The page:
While there are plenty of free weather apps out there, using a Part 174-certificated supplier gives pilots the assurance that a qualified meteorologist has produced the forecast, and that the underlying systems are supported by a safety management system.

PreFlight provides the same aeronautical information you’d find on a VNC, along with meteorological information, airspace advisories, briefings, and aerodrome information, including NOTAMs.

“It’s never been easier to check NOTAMs or get the latest weather,” says Safety Investigator Peter Stevenson- Wright, “as well as review a lot of other information before you get in an aircraft.

“As a safety investigator of more than 20 years, I hope I’ll never see another occurrence involving a pilot not checking the weather, or their NOTAMs, before a flight.

“PreFlight makes it easier to satisfy the requirements of rule 91.217 Preflight action.

“Pilots, ask yourself this,” questions Peter. “‘Is my life worth 180 seconds?’ That’s about how long it takes to select and request weather information and NOTAMs in PreFlight.”

Paula agrees. “Rule 91.301 VFR meteorological minima tasks pilots with making sure VFR minima can be complied with along the route. But most model-based weather apps can’t provide cloud base or visibility forecasts.

“The GNZSIGWX and GRAFOR charts are both available to pilots through the PreFlight website. In fact, PreFlight is free for recreational pilots – so there’s no reason for them to not have all the right information.

“Pilots should also familiarise themselves with the times forecasts are issued, so they can make sure they have the most up-to-date information before take-off.

“Some local-scale weather is a bit trickier to forecast, and it’s often not until a day out that it becomes clear that thunderstorms are likely that afternoon, or fog will form that night.”

“If you find that the conditions aren’t what you expected,” says Jason, “then don’t forget that FISCOM (flight information service communication) is available in most places, or you can talk to ATC. Ask them for the latest report for your destination or nearby airports, and consider making a PIREP (pilot report) so other pilots are aware.

“Remember, if the weather has an impact on the safety of the operation, you should file a 005 report, especially if MET minima are breached.

“That way, if there are trends, the CAA and MetService can work together to improve the service.”

Just wing it? Yeah, nah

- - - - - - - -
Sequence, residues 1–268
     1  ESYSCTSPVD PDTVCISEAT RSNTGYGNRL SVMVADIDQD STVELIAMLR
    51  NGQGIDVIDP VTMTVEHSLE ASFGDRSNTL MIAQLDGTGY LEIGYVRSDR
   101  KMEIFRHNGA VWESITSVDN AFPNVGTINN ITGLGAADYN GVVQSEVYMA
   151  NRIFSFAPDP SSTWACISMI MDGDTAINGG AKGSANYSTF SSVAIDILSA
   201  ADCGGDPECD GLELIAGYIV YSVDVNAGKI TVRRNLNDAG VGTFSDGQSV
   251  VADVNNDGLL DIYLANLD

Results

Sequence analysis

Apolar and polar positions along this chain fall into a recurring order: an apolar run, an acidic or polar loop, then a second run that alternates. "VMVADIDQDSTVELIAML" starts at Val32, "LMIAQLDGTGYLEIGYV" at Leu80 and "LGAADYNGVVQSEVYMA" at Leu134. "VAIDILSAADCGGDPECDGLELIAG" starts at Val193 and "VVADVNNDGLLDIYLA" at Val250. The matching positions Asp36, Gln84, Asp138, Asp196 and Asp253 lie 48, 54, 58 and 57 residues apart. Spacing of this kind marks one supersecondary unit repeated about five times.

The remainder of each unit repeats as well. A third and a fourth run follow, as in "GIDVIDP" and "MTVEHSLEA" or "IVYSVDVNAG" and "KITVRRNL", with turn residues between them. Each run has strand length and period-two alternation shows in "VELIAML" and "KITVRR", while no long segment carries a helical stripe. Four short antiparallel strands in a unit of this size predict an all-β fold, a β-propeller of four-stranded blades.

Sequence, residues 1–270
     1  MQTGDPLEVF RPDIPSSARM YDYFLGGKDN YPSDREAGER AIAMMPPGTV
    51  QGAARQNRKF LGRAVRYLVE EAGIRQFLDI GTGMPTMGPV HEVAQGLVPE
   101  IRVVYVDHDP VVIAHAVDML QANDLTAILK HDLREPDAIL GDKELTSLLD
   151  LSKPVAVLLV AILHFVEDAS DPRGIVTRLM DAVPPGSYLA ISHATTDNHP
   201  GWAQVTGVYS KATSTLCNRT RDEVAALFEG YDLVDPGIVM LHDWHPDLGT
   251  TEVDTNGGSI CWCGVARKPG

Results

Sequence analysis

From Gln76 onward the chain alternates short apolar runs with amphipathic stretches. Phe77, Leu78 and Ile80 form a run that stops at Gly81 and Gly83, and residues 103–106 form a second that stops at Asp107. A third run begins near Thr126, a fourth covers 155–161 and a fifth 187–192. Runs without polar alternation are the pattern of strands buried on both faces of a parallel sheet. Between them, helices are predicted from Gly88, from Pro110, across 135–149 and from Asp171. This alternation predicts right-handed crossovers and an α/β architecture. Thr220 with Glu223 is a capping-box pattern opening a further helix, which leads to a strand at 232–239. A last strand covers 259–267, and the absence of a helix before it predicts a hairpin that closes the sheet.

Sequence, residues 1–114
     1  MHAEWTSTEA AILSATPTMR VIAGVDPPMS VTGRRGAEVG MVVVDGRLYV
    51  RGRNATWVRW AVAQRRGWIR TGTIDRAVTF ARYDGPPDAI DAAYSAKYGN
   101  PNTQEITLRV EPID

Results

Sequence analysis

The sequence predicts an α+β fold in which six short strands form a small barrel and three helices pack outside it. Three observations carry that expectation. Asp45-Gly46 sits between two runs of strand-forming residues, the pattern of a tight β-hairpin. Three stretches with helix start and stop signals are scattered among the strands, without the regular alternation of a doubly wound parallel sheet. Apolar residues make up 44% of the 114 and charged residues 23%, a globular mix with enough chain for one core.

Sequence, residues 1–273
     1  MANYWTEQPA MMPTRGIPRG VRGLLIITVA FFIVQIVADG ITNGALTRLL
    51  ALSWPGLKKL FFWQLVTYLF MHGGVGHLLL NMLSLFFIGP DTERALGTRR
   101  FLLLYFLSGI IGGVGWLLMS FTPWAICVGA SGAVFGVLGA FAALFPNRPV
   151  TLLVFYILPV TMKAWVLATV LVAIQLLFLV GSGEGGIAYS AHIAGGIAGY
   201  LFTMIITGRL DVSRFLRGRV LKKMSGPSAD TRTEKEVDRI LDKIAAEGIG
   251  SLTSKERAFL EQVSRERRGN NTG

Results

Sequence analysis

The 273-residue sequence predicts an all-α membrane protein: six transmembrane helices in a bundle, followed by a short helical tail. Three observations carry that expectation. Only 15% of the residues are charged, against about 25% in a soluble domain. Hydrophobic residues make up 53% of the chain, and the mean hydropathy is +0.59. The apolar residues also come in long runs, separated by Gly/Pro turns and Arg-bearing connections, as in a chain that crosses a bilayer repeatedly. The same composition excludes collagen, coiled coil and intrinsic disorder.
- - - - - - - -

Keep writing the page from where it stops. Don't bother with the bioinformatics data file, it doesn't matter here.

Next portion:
The CAA says the days of ‘winging it’ are gone. We now have readily available resources to ensure that weather doesn’t ruin your flight. Your passengers and family will expect you to keep yourself and anyone in your care safe, so be professional, and use the best and most appropriate resources available for every flight you’re planning.

Decoding the GRAFOR

What are the meteorologists telling you here? It’s worth reminding yourself that this is a snapshot in time, with validity +-3hrs, so that’s potentially a lot of information to convey!

Let’s focus on the eastern Bay of Plenty – and firstly, look at the cloud group. The meteorologist is expecting prevailing cloud conditions of broken cloud (5-7 eighths of the sky covered), with bases between 1500ft to 2500ft above mean sea level.

Source: MetService

The tops of those clouds are above the vertical limit covered by the GRAFOR – extending to at least 10,000ft and depicted by XXX. Separate to that cloud, there will be isolated cumulonimbus (CB) clouds, with a base of around 2000ft, tops beyond 10,000ft.

The next few lines describe the weather that can be expected. ‘NSW’ means ‘nil significant weather’, so mostly there won’t be any weather of concern.

But as the front passes through that region, the weather is expected to deteriorate for a time with heavy showers of rain (+SHRA). This will reduce the visibility to 4000m, and with those isolated CB connected to the front, the visibility could reduce further to 2500m in thunderstorms, rain and small hail (TSRAGS).

The TAF (terminal aerodrome forecast) equivalent would be a ‘TEMPO’ of poorer weather for a time with the passage of the front. In this example, it would be a good idea to also check the Whakatane TAF to get a feeling for the speed of the passage of the front through the region, along with any observation that might be available.

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Posted 7 months ago